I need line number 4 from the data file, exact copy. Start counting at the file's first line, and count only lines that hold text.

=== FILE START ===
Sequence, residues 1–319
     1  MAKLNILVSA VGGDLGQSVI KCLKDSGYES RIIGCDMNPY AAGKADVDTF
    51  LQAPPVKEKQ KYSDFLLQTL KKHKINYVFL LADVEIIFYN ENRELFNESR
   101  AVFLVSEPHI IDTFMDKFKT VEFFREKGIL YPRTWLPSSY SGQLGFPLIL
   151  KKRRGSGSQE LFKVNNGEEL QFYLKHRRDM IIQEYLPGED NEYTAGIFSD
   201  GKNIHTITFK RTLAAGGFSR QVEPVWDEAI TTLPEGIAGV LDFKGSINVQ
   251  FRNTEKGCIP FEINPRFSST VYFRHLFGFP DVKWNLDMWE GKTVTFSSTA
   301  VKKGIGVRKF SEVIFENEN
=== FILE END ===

   101  AVFLVSEPHI IDTFMDKFKT VEFFREKGIL YPRTWLPSSY SGQLGFPLIL